“How does olive oil from Europe arrive? In a container. What’s the condition of the container? Is it refrigerated? If not, the oil can oxidize,” explains the businesswoman, who has been exclusively using Brazilian olive oil in salads, hot dishes, and even desserts since the beginning of the year.

Brazil has been cultivating olive trees since the last century, but the vision of a more substantial and sustainable production started to take shape between 2005 and 2006. During this period, the Ministry of Agriculture and Livestock tasked the Brazilian Agricultural Research Corporation (Embrapa) with assessing the feasibility of olive tree cultivation in the country, similar to the existing vineyards in southern Brazil and the São Francisco Valley in the states of Bahia and Pernambuco.

The initiative commenced with the cultivation of traditional olive tree seedlings sourced from countries renowned for high production. The most successful varieties included the Greek Koroneike, Spanish Arbequina and Arbosana, and the Italian Covatina.

Brasil se especializa na produção de azeite de oliva extra virgem. - Azeite, azeitona, oliveiras - Foto: EMBRAPA/LANZETTA, Paulo

In Brazil, the most successful varieties included the Greek Koroneike, Spanish Arbequina and Arbosana, and the Italian Covatina – EMBRAPA/LANZETTA, Paulo

Change in metabolism

“When you introduce a species from a favorable environment to a different one like ours, the plant undergoes metabolic changes and adapts accordingly,” elucidates agronomist Rogério Oliveira Jorge. He oversees the laboratory at Embrapa Clima Temperado in Pelotas, Rio Grande do Sul, responsible for conducting research and evaluating the quality of olive oils produced in Brazil.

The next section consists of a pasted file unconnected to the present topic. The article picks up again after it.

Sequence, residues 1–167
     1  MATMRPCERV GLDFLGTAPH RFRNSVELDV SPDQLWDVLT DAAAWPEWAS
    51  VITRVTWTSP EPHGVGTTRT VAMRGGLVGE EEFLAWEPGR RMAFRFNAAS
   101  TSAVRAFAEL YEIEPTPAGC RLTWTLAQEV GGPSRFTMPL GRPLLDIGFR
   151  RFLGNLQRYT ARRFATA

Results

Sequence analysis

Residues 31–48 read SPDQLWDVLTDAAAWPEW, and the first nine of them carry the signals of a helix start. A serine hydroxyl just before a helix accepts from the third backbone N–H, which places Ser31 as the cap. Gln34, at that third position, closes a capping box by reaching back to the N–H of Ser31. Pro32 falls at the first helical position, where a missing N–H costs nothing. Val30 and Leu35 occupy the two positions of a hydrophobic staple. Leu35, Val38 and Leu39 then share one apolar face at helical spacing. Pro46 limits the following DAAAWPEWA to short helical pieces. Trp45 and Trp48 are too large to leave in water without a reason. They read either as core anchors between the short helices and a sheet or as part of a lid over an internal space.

The plant’s productivity hinges on its capacity to adjust to the local climate and soil conditions. Scientific understanding confirms that olive trees struggle to thrive in regions with excessive rainfall and waterlogged soils.

Aside from minimal rainfall and low relative humidity, the plant requires ample sunlight exposure and moderate temperatures. According to an Embrapa study conducted in 2015 on the potential distribution of olive trees in Brazil and globally, during periods of full flowering, pollination, and effective fruiting, “daily temperatures should hover around 20ºC to facilitate normal metabolic processes.”

Researchers from the state-owned company affirm that besides Rio Grande do Sul and high-altitude areas like the Serra da Mantiqueira, there are “more favorable” regions in the semi-arid northeastern part of the country.

Olive oil is abundant in fatty acids, aiding in blood sugar regulation and bolstering the immune system. In an interview with Agência Brasil, nutritionist Mônica Julien, from the Federal District’s Health Department, advocated for its consumption. “I recommend incorporating olive oil into your diet whenever possible. It shouldn’t replace all other fats, as even saturated fats serve a purpose in the body. However, substituting a significant portion of fats with olive oil can greatly benefit your health.”



Ebc